There’s one other thing that bugs me about Gen V. Before coming to it, let me just say that the show looks just like The Boys. It’s grungy, moody, dirty, smelly, and sickening. The attention-to-detail is totally insane. The work done by Clare Kilner, Rachel Goldberg, Nelson Cragg, Steve Boyum, Philip Sgriccia, and every single department under their jurisdiction, starting from the sound to the VFX and the costume, are all perfect. The tone and the pacing of each of the episodes are fine. It gets better with each episode. The editing is not up to par. You know how the editing for the action scenes in the first season of The Boys improved from the disorienting cuts to the slightly longer sequences in the third season? The action in this spin-off reverts things back to that season-one aesthetic. You can see that the actors, the stunt performers, the VFX artists, the SFX artists, and the sound designers have put in a lot of effort. However, it’s completely ruined by the shot choices and the editing. Coming back to that “other thing,” it feels weird for the series to introduce bisexual and bigender characters and then center all of its risque scenes around the heterosexual characters, too, in great detail. This non-commitment to its queerness was present in The Boys, and it looks like the showrunners aren’t in the mood to rectify this issue anytime soon. Yes, it is ironic that the villainous characters in the show measure a Supe’s marketability by how straight and White they are, and then the writers kind of echo that sentiment while treating its queer and BIPOC characters.
Although Gen V doesn’t have a lot of familiar faces like The Boys, or at least ones that I’m not very familiar with, the entire cast proves from the get-go that they can go toe-to-toe with the popular stars of the franchise. A lot of the show’s weight lies on Jaz Sinclair’s shoulders, and she carries it with such gusto. Marie is in a fish-out-of-the-water situation, but she doesn’t want to show that while also keeping up with the change in the proverbial water bodies. So, it’s a complicated performance, and Sinclair pulls it off. Chance Perdomo as the resident nepotism baby is fantastic. He brilliantly essays Andre’s sense of responsibility, his fake brotherhood, and the shock he’s facing as his bubble is bursting before his very eyes. Lizze Broadway is great as Emma, who wants to be likable while hating herself every time she has to use her superpowers. Maddie Phillips is the “it girl” in this horrifying scenario, and while she is amazing throughout the show, she knocks it out of the park in the episode that’s entirely focused on Cate. London Thor (the coolest name ever) and Derek Luh are excellent at portraying Jordan’s identity issues as well as her devil-may-care attitude. Patrick Schwarzenegger makes quite the impression. Clancy Brown proves yet again why he is one of the best. Shelley Conn, as the conniving and elegant Indira, is splendid. And the list can go on and on. Hence, I’ll just say that everyone in the show deserves a round of applause for their performance, and keep an eye out for the cameos, some of whom are Supernatural alums.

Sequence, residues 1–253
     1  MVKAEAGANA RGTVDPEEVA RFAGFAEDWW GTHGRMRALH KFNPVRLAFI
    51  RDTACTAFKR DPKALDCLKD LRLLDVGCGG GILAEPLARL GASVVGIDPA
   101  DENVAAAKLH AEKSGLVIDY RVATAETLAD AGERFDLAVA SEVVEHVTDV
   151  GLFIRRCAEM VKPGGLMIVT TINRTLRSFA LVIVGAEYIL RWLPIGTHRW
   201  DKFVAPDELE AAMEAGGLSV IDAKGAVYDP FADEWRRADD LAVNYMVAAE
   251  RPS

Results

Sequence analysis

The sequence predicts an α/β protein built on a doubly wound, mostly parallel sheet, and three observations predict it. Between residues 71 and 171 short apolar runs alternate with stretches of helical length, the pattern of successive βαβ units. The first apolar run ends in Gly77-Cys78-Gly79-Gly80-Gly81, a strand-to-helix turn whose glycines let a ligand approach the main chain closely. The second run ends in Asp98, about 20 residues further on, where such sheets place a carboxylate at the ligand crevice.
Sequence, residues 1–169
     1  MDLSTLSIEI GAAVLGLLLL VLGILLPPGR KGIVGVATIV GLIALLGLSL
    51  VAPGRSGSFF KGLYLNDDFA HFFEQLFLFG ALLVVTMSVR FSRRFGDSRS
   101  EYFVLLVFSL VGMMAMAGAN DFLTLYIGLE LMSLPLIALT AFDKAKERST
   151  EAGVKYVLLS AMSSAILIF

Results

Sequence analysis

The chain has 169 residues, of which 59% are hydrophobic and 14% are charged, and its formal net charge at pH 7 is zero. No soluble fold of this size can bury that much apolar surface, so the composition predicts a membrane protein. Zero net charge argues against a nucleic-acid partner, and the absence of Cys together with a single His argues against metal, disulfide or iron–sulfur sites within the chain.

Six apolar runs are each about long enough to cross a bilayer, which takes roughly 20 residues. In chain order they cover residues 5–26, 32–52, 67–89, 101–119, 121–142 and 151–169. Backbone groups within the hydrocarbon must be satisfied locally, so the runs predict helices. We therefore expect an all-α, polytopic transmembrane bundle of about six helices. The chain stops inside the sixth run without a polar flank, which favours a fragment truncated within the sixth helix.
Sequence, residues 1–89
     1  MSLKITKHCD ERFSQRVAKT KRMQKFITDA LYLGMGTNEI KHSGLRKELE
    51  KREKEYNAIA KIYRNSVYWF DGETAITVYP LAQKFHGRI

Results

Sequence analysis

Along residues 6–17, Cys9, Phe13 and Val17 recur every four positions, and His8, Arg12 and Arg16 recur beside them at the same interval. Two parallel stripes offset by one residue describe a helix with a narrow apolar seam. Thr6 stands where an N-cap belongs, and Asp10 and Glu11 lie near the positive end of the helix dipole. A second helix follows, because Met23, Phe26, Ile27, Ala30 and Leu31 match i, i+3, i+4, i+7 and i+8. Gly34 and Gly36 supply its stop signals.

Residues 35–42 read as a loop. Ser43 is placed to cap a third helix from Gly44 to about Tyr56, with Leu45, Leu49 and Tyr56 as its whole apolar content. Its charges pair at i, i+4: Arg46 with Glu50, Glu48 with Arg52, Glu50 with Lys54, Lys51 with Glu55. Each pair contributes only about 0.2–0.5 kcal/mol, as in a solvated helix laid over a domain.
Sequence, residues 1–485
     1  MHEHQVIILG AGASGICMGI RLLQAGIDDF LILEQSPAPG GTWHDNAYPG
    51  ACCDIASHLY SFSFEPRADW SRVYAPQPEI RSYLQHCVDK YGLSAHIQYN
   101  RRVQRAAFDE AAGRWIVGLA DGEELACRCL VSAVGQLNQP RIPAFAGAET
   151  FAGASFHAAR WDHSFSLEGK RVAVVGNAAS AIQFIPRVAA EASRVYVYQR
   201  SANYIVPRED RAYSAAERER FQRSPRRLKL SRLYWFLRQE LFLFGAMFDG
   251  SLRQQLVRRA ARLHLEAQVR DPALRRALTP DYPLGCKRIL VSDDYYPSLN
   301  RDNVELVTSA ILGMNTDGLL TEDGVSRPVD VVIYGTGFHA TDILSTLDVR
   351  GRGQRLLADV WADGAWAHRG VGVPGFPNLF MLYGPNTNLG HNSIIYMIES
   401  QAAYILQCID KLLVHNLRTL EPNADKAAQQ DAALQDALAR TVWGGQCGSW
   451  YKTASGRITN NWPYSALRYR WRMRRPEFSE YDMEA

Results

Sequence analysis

With all that said, I have to state the obvious now. The very existence of Gen V is sort of hypocritical. The Boys was supposed to satirize the superhero sub-genre and how franchises commodify the characters and the stars playing them while making them feel expendable. With Gen V, the showrunners have fallen into that trap, and the fault lines are already noticeable. The central plot and the subplots aren’t very compelling. You can sense the effort being put into creating an interconnected franchise. And then there’s the overall quality of the action, which is absolutely obnoxious. I am sure that, due to the branding of the show, it’s going to catch on, and people are going to watch it. However, if the showrunners and the producers are depending on brand recognizability instead of making something fresh and memorable that can stand out on its own merits, haven’t they become the thing that they sought to mock? Well, that’s just my opinion. Please watch Gen V on Prime Video, form your own opinion, and feel free to share your thoughts with us.